COVID-19 in modern Russian laughter discourse: psycholinguistic method of devaluation of danger as an effective method of psychological protection
The mysterious Russian soul is always looking for non-trivial aspects of a problem. The modern coronavirus pandemic (COVID-19) has become the subject of ridicule in the everyday laughing practices of Russian people. In this case, the laughing discourse acts as a form of psychological defense and struggle against the inevitable evil.
The importance of the research is due to the lack of knowledge of the communicative and cognitive aspects of laughter discourse and the need to study the modern anecdote on the topic "coronavirus pandemic" in the aspect of forming the stability of the human psyche in the conditions of pandemics and isolation. The relevance of this work is also determined by the fact that it expands the empirical base of discourse linguistics, LSP theory and practice, motivology and emotive linguistics, whose interests include consideration of the problem of the influence of emotions on language. The relevance of the work also lies in the fact that special attention is paid to the little-studied phenomenon of "black humor", which is vividly represented in the laughing discourse about coronavirus.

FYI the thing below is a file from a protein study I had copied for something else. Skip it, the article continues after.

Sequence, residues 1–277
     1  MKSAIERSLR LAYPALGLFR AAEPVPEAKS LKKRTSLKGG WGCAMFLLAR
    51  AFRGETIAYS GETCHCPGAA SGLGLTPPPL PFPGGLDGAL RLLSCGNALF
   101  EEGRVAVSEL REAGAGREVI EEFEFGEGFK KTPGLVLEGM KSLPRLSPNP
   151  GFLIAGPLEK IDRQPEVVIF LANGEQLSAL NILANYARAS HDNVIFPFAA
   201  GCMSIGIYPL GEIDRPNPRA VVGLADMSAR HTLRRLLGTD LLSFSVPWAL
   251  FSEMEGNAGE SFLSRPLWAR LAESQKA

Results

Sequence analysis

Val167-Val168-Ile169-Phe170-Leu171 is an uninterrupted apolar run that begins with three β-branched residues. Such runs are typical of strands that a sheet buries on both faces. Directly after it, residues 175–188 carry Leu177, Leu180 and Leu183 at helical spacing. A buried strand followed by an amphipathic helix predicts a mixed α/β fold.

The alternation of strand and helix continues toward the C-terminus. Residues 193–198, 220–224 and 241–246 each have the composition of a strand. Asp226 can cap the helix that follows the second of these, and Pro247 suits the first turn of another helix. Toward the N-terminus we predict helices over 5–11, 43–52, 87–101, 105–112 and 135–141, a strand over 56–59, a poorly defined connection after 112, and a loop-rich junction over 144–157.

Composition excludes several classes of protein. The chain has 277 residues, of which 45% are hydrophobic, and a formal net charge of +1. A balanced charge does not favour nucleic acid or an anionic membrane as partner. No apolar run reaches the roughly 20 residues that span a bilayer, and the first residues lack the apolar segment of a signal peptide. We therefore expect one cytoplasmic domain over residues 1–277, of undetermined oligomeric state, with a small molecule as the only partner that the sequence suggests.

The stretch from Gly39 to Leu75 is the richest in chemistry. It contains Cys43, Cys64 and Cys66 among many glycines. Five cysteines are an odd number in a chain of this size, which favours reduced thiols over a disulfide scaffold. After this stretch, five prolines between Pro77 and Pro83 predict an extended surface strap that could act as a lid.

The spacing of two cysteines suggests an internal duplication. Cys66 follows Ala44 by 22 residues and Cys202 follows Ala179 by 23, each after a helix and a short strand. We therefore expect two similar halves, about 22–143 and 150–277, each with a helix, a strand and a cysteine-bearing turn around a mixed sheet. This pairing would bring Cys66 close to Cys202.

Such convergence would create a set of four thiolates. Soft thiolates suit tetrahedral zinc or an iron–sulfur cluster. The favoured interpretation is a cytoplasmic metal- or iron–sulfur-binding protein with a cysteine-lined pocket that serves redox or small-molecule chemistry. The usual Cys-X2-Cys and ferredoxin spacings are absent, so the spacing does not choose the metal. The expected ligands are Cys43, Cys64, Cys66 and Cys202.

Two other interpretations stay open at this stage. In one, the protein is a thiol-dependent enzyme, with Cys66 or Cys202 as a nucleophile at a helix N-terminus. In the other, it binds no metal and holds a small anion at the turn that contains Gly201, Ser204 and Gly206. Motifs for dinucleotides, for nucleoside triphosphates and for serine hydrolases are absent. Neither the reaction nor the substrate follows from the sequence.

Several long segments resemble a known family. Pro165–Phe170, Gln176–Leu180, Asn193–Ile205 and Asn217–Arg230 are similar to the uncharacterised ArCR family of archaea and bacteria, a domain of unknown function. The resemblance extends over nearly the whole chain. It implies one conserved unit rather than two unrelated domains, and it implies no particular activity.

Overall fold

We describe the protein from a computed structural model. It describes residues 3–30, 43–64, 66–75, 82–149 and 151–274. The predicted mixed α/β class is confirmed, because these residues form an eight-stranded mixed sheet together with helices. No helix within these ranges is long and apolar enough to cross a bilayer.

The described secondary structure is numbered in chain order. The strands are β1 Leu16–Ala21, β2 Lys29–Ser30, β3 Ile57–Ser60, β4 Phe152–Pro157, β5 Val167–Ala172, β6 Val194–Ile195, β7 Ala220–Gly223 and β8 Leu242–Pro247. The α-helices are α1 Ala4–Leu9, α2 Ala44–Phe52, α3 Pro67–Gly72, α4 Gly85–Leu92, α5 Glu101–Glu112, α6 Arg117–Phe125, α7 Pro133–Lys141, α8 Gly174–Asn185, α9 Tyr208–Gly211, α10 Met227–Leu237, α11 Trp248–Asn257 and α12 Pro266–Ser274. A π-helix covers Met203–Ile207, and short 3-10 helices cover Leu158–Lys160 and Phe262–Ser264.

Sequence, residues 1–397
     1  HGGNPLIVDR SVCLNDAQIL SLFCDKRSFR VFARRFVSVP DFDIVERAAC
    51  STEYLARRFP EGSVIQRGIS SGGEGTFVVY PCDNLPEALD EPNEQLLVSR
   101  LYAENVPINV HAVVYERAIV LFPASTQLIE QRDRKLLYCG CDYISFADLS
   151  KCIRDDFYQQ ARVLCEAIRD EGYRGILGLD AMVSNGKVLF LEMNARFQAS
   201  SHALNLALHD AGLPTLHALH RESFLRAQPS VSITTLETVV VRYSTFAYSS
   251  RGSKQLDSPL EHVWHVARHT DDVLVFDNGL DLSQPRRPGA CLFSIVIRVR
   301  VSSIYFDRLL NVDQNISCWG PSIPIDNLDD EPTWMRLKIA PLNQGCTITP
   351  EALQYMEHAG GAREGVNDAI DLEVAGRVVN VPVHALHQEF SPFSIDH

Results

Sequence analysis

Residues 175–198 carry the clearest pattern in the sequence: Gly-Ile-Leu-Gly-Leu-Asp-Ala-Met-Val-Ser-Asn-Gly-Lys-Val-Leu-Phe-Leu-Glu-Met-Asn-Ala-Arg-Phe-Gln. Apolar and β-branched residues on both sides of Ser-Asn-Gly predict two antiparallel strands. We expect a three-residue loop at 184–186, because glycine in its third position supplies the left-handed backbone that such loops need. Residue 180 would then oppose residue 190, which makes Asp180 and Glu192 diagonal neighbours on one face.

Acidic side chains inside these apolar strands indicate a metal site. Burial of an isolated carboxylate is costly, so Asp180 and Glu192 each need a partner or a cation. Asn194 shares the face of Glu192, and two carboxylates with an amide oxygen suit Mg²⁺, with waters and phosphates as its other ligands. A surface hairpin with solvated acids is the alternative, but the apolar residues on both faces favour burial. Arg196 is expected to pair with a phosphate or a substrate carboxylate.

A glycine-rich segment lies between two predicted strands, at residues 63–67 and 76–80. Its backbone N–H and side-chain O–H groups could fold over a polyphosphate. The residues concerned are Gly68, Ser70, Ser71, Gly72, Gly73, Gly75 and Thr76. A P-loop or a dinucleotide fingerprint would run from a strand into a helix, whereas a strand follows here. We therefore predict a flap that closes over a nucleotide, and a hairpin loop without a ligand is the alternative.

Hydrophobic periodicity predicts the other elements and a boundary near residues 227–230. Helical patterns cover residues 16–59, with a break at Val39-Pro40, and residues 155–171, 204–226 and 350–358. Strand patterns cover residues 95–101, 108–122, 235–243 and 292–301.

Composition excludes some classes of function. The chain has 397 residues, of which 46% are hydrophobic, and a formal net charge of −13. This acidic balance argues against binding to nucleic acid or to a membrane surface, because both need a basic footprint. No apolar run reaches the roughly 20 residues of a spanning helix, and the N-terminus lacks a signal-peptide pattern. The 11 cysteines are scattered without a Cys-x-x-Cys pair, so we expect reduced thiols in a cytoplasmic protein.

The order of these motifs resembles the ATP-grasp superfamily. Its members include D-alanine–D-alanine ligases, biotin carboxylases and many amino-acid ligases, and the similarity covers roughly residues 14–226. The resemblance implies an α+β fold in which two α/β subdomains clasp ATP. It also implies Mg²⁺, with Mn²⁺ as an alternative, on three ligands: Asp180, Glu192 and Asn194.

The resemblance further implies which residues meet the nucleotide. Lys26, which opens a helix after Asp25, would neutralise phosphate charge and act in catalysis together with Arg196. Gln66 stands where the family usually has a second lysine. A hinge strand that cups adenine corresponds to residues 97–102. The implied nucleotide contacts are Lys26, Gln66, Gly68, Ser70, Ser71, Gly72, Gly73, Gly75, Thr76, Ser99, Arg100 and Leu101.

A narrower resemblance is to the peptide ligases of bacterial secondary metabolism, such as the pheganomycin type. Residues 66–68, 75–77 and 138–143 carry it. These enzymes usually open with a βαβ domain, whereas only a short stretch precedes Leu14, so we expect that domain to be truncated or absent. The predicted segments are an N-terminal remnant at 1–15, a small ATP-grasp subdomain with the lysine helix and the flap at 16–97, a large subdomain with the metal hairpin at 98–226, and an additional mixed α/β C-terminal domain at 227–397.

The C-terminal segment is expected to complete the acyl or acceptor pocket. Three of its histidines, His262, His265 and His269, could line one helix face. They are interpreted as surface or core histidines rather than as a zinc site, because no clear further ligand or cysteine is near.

Unfortunately, today Russia occupies the leading positions in terms of the number of people infected with virus COVID-19. Archetypal fear of unknown Evil, of invisible death evoke chthonic experiences of the unconscious from the depths of the subconscious, actualizing the laughable techniques of devaluing danger as one of the effective methods of psychological protection.
The world stereotype defines Russian people as frowning and unsmiling, extremely hostile to the world around them. The article reveals the specifics of modern Russian anecdotes about COVID-19. This allows the reader to understand what the stress resistance and resilience of the Russian person in a situation of degenerate press of negative information in various media is. This situation is complicated by fake news stories about the pandemic. What are Russian people laughing at during the pandemic? What helps them survive and stay mentally healthy in this situation? What is the specifics of Russian jokes about the pandemic? How do these anecdotes structure a person's inner space in a new way? What Parallels can we find in a laughing culture that plays up the stigmatized situations of tragedies, wars, and epidemics? This article is intended as an attempt to answer these and other questions.
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